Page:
£12.04: What diners are happy to pay for a main course

By Michelle Perrett

- Last updated on GMT

£12.04: What diners are happy to pay for a main course

Related tags: Cent, United kingdom

Diners are happy to pay an average £12.04 for a main course in a restaurant in the UK and Ireland, a survey by LivingSocial has revealed.

The report, from the website, found that the price people are prepared to pay varies depending on cuisine. Consumers are prepared to pay an average £14.20 for a seafood main, £13.75 for French food; £13.28 for a British main while Vietnamese came in last at £10.76 a main meal.

Influences

The survey of 7,197 people across 16 cities found that price ranks as the most important factor when picking a restaurant, with 70.5 per cent of diners saying it influences their decision.

This is followed by personal recommendation (41.8 per cent); availability of deals or offers (41.4 per cent) and ability to book a table over the phone (40.3 per cent).

One in five favoured the ability to book online or via a mobile app.

Favourite Foods

Overall when it comes to consumers’ favourite foods, Indian (21.2 per cent) and Chinese (20.8 per cent) meals are the most popular, while traditional British cuisine ranked third (18.5 per cent) . Women’s preferred choice was Chinese followed by Italian then Indian while men preferred Indian, then British followed by Chinese.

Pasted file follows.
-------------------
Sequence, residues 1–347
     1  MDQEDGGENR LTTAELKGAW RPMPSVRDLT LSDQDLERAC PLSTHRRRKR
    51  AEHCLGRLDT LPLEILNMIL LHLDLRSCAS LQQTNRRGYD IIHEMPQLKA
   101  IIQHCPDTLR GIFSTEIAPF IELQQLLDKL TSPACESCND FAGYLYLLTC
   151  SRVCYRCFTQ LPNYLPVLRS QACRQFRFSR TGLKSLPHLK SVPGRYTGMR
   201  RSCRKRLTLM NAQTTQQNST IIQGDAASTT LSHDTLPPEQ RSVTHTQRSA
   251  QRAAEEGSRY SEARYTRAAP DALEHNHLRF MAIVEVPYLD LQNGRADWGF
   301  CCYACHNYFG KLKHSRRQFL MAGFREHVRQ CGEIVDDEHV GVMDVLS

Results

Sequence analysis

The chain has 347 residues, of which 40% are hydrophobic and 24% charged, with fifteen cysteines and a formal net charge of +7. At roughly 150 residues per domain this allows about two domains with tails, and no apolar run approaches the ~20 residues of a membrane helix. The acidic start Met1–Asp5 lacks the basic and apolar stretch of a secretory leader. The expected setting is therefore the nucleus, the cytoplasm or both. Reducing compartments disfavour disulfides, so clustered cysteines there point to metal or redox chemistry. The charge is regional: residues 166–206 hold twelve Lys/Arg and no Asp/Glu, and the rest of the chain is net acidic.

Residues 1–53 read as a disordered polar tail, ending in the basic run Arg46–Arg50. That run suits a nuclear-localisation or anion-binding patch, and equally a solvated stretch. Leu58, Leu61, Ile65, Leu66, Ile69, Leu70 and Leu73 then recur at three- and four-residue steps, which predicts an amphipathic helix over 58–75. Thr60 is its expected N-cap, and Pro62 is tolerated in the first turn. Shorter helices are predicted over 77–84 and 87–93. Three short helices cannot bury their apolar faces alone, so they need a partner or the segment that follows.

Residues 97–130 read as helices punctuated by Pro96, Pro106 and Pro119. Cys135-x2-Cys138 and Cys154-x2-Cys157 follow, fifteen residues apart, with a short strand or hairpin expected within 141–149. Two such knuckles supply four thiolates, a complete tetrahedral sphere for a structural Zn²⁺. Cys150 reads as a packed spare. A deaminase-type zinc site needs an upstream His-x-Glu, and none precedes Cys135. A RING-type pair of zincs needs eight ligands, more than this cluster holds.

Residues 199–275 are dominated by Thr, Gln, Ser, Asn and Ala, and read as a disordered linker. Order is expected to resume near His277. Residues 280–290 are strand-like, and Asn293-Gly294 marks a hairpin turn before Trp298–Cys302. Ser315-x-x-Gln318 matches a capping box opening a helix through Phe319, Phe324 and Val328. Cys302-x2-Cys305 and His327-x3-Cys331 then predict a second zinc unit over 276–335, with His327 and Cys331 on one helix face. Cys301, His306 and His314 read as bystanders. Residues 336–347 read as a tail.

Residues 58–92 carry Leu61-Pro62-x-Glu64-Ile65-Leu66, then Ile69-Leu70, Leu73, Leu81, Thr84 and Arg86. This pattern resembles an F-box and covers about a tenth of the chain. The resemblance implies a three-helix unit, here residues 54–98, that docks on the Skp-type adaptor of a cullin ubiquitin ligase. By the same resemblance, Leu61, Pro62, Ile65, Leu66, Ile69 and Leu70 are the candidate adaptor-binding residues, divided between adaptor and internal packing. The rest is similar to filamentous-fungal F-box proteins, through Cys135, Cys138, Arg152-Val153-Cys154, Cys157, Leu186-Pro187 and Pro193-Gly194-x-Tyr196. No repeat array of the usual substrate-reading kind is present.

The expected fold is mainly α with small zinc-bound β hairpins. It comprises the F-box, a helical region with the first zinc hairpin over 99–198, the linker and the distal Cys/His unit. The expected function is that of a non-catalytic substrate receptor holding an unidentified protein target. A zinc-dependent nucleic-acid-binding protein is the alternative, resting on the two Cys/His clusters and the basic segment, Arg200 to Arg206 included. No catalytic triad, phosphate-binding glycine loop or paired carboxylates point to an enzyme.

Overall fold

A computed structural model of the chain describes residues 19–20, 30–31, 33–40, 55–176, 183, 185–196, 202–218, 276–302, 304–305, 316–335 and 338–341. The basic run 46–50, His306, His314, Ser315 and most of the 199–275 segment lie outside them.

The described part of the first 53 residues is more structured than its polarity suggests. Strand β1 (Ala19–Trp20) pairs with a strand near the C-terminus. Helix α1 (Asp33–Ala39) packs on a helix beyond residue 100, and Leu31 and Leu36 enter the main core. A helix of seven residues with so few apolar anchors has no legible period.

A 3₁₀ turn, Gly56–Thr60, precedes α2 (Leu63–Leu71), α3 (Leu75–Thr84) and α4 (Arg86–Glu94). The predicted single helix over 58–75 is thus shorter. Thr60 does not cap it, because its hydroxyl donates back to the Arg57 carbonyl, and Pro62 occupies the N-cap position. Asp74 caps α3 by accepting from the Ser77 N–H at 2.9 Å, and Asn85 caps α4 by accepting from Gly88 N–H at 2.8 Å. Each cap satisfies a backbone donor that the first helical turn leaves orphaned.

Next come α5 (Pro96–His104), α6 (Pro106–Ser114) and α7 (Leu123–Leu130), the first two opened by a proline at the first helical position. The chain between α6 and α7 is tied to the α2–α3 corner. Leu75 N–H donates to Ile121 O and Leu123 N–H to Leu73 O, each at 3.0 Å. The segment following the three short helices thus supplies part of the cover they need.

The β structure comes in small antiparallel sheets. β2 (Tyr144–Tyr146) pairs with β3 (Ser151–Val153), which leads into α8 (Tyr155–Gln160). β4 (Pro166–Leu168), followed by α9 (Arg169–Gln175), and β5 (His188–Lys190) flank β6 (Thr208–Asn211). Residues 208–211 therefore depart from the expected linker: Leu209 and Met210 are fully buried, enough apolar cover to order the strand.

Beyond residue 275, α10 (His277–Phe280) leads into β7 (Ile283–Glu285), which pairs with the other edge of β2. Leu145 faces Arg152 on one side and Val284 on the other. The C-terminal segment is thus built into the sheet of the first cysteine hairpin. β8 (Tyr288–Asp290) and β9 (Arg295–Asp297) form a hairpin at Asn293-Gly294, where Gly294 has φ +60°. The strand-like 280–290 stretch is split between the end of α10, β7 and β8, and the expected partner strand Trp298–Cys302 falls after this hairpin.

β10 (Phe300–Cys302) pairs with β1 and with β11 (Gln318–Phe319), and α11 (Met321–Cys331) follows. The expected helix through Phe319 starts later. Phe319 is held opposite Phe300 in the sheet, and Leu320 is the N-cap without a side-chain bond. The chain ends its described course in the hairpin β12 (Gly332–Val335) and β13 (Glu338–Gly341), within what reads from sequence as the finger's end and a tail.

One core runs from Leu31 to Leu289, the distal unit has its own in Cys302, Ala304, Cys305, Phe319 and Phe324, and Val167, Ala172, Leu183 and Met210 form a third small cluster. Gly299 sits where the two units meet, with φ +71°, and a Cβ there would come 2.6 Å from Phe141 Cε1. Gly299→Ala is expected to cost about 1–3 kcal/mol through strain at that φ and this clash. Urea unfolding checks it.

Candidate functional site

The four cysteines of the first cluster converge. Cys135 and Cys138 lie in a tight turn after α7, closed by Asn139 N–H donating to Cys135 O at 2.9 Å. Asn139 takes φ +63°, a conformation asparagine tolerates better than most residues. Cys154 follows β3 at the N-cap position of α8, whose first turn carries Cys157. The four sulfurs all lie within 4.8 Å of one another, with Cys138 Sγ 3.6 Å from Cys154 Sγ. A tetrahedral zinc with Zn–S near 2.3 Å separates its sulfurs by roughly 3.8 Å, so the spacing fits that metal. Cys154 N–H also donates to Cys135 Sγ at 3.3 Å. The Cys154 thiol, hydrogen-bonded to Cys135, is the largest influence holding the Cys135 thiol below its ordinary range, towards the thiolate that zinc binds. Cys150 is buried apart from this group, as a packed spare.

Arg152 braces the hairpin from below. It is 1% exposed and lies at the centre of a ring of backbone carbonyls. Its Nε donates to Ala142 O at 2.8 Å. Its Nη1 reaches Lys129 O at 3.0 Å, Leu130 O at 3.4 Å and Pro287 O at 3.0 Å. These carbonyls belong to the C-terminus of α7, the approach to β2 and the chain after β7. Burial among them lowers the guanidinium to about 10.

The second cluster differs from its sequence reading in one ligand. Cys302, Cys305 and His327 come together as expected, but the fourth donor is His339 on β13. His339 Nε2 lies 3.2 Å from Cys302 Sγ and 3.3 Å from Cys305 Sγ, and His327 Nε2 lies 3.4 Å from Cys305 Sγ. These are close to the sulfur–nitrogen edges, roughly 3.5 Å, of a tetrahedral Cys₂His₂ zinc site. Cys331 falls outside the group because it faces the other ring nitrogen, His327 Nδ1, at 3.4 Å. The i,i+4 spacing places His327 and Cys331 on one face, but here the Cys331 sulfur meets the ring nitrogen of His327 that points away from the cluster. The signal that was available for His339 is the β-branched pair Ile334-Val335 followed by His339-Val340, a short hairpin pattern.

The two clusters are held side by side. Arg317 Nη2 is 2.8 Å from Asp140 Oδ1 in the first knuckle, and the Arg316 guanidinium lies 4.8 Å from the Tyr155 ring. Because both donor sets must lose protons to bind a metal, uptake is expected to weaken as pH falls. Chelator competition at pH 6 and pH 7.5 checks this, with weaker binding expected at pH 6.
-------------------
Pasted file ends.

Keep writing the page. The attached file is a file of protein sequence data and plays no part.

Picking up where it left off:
Lacking

The report reveals that restaurants diners consider there to be a lack of restaurants offering Brazilian (45.1 per cent), Vietnamese (44 per cent) and Caribbean (42 per cent) food.

Consumers in Edinburgh, Leeds and Sheffield showed a strong demand for Greek restaurants, while in the south, in Cardiff, Bristol, Southampton and London, demand was high for Japanese cuisine.

Alcohol

The report also revealed that 50.9 per cent of men always or most of the time drink alcohol when attending a restaurant , compared to just 39.5 per cent of women.

Restaurant-goers in Belfast (61.1 per cent) are most likely to opt for an alcoholic beverage, with people in Southampton (25.7 per cent) drinking the least.

Tipping

Diners rely on a variety of factors when deciding whether, and how much, to tip. The report suggests friendly service (66.7 per cent) eclipses food quality (63 per cent) in importance, and one in twenty diners say that they tip regardless of their dining experience.

The common perception that a 10 per cent tip is the norm is dispelled by the report – as the national average comes in at only 5.5 per cent. Diners in Edinburgh are the most generous towards restaurant staff but still only tend to add 8.8 per cent to the bill, almost double those in Nottingham (4.5 per cent).

Steven Marritt, chief executive of LivingSocial UK and Ireland, said: “It’s been interesting to see how dining culture varies throughout the UK and Ireland. This report will help us work with our merchants, assist us in providing tailored experiences for local diners and equally be of interest to the wider hospitality industry.”

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